Psychologist finds link between PTSD and prison

Psychologist finds link between PTSD and prison
Shawn Cahill (seated) with grad student Tim Geier. Credit: UWM photo by Troye Fox

Americans who spend time in prison are nearly twice as likely to suffer post-traumatic stress disorder than those who don't, according to a new study by UWM psychology professor Shawn Cahill and his graduate students.

The team used data from a series of surveys collectively called the National Survey of American Life to study PTSD. Their research was recently published in Criminal Behavior and Mental Health. Cahill and graduate student Tim Geier explained their research and what they found.

How did you use the data to find a relationship between PTSD and prison?

Shawn Cahill: The survey-takers did representative sampling of the entire United States with a series of formal questions that asked about various issues.

For the African American sample, they specifically added questions about incarceration. We didn't have access to incarceration questions for other groups, unfortunately. The surveys asked about lifetime prevalence of various mental illnesses, and then past-year (occurrences). Basically, our PTSD variable is a simple yes or no. It's not a severity issue.

And you found that people who had been imprisoned were more likely to report having PTSD?

Cahill: Yes. None of these people are currently incarcerated. Everything that we have is looking back, and we don't have information about where the symptoms were relative to the incarceration. Did they start before the incarceration, during the incarceration, or after?

It could be that PTSD existed before they went to prison and it might be a risk factor for incarceration. It could be that they were assaulted while incarcerated and developed PTSD because of that experience, or it could have developed after release.

Tim Geier: But there certainly is a relationship between incarceration and PTSD. People may experience car accidents, a sexual assault or a physical assault, but being in prison is the factor that makes it more likely that you'll have PTSD in your lifetime. Even adjusting for some really important variables, like the number of traumas you've experienced in your life, the relationship still holds.

Cahill: Of those who had a history of incarceration, about 13 percent had PTSD compared to just under 8 percent of those without a history of incarceration. The vast majority of folks didn't have PTSD. That was looking over peoples' lifetimes.

What are the criteria for being diagnosed with PTSD?

Cahill: You have to experience an event that involves the actual or threat of harm to yourself or someone else. It could be that it happened directly to you or it could be that you witnessed it happen to someone else. It could be that you learned about it – for example, if I learned that my uncle committed suicide.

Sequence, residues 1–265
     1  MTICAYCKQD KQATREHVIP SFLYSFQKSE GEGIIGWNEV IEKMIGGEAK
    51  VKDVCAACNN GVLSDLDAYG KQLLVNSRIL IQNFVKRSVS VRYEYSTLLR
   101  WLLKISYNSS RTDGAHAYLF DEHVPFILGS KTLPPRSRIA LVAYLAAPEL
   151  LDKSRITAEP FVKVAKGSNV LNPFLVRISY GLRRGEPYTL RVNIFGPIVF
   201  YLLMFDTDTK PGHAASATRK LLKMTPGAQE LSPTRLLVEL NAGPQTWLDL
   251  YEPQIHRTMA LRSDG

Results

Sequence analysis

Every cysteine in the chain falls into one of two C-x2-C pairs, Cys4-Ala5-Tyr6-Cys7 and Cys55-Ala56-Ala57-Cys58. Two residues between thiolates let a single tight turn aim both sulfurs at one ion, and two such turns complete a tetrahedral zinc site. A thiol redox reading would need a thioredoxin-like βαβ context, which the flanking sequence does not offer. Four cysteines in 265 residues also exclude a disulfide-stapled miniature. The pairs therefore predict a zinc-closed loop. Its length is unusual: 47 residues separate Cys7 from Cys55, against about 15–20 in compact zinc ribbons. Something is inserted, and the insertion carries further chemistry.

Given that kind of event, you would have to have symptoms like intrusive thoughts about the event – nightmares, flashbacks, emotional responses and physical responses triggered by the memory of the event. Then there are avoidance and numbing symptoms, like avoiding thinking or talking about the trauma or avoiding reminders that would trigger thought about it. You could lose interest in most activities, feel numb in certain circumstances that would call for a strong emotion. Other symptoms involve hyper-arousal, so feeling on-guard or vigilant, being easily startled or having outbursts of anger or irritability that are greater than before the event.

Why should the general public care about this research?

Cahill: We know that PTSD is associated with all kinds of problems – increased risk for violence, increased risk for suicide, underemployment, unemployment, health problems and substance abuse.

It hits home given that Milwaukee in particular has extremely high rates of among African American young men.

Is there any way to address PTSD people who have been in prison?

Cahill: Yes. The good news is, we made progress in the '80s and '90s in terms of establishing treatments that work. We have options in terms of medication and psychotherapy. In the past decade or so, we've made progress in terms of making sure that within the Veterans Affairs system and the Department of Defense that veterans and active-duty soldiers have access to two forms of Cognitive Behavior Therapy, which is the most researched treatment for PTSD.

But outside of the VA system, most therapists are not trained in empirically supported treatments for PTSD. So there's work to go there.


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